Onions and Bonfires

IT’S THAT time of year again when the garden is at its most productive. We’ve just cleared the broad beans but the runners are still at their best. We had the first tomatoes this week – two small sweet ones from the yellow variety we planted. The courgettes are doing well and we’re just about winning the battle to cut them before they turn into marrows.

We’ve had some decent rain this week, which was welcome but it did mean that we needed to lift the onions and spread them over the staging in the greenhouse to dry out gradually. The necks would have started to rot if we’d left them where they were in the bed. I’m always impressed by how many onions we harvest from an area no bigger than a hearth-rug.

Paul the gardener came today and we cut back theĀ Canary ivy which was killed by frost last winter.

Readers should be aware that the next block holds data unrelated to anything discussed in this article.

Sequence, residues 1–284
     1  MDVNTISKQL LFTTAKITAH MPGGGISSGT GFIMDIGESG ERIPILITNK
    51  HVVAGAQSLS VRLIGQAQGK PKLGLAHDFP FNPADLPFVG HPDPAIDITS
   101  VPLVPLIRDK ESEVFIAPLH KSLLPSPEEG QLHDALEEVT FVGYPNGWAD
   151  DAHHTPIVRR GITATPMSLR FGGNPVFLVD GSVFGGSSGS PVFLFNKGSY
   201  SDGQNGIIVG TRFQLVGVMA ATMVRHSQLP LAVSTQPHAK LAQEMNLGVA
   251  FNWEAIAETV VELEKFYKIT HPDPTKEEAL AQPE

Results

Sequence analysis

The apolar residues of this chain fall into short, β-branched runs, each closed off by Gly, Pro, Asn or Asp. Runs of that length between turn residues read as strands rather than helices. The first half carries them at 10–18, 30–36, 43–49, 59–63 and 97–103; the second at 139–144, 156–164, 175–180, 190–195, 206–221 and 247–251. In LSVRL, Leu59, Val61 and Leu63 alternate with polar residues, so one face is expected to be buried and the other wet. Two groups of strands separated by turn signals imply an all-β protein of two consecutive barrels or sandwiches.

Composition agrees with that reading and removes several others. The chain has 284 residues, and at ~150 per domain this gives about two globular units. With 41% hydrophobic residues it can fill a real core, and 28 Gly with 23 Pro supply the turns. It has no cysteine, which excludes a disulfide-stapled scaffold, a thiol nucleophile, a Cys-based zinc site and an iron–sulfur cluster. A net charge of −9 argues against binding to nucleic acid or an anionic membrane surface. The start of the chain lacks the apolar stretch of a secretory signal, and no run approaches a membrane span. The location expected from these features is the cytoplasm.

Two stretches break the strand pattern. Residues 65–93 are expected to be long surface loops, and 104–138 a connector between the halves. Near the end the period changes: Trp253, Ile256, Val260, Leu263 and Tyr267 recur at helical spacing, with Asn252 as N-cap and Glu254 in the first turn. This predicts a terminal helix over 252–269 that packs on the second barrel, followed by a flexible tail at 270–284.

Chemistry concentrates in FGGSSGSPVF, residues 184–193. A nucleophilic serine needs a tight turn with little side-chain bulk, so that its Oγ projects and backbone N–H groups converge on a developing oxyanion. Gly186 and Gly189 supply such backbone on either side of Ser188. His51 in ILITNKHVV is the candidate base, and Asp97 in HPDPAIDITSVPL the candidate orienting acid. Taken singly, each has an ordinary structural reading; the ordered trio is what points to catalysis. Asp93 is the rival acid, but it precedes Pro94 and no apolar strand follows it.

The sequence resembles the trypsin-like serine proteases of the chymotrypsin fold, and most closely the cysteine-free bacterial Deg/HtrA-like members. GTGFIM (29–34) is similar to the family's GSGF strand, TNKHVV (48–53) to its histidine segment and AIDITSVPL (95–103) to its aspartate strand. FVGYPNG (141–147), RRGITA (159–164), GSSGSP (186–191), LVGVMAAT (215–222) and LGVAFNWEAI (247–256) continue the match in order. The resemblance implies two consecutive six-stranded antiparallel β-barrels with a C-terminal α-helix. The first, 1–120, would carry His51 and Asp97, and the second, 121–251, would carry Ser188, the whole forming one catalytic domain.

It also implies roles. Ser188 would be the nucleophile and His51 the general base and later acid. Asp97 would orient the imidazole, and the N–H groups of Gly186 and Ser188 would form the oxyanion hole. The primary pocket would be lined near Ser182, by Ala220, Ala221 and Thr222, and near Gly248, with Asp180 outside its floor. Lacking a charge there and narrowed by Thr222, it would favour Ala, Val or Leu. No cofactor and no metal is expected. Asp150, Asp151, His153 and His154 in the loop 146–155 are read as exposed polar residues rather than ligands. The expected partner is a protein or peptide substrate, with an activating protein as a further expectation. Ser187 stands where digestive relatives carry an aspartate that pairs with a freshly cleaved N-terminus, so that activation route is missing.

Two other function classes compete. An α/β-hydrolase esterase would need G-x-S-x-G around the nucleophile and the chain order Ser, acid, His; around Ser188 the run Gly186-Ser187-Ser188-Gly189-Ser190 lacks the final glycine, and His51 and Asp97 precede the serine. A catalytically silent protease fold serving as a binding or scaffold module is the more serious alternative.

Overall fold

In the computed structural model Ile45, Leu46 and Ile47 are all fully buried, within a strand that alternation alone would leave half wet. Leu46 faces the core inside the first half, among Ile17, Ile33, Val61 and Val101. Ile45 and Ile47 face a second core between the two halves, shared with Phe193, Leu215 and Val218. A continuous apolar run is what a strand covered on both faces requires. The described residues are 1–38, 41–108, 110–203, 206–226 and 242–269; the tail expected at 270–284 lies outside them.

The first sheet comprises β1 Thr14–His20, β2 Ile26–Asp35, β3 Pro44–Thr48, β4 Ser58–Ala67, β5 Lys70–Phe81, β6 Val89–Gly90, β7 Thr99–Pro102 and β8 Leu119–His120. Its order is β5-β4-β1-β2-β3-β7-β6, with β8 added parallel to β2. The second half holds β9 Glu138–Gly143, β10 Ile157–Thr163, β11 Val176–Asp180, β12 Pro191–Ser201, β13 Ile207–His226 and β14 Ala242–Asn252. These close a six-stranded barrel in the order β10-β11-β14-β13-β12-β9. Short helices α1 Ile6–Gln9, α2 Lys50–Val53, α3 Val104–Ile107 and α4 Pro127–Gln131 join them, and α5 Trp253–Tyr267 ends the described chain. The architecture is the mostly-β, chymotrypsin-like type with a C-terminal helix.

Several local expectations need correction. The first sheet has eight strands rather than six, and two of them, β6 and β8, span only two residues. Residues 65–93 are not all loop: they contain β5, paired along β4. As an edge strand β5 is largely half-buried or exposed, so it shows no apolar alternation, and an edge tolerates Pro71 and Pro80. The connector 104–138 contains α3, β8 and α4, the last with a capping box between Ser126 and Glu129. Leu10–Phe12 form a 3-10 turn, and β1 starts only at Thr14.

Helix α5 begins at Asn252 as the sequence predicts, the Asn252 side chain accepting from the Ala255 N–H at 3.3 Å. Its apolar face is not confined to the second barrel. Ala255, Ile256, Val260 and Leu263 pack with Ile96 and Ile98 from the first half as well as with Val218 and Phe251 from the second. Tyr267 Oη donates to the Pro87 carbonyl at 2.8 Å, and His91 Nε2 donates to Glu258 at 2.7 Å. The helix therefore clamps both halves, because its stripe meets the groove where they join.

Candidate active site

As it was a dull, overcast morning none of our neighbours had any washing out, so, as the woody stems were too large to add to the compost bin and I’ve got plenty of habitat piles already, we decided to dispose of the large pile of clippings by lighting a bonfire. Despite the recent rain the mass of stems were dry enough to burn but, as usual, in the minutes it took to get the fire started a column of white smoke drifted sideways and, although there wasn’t a breath of wind, it managed to find some low level turbulence and started heading straight up the garden path, over the hedge and up towards the one bedroom window that our neighbour had left open. You’d almost think that smoke had some kind of homing instinct that enabled it to find the nearest open window.

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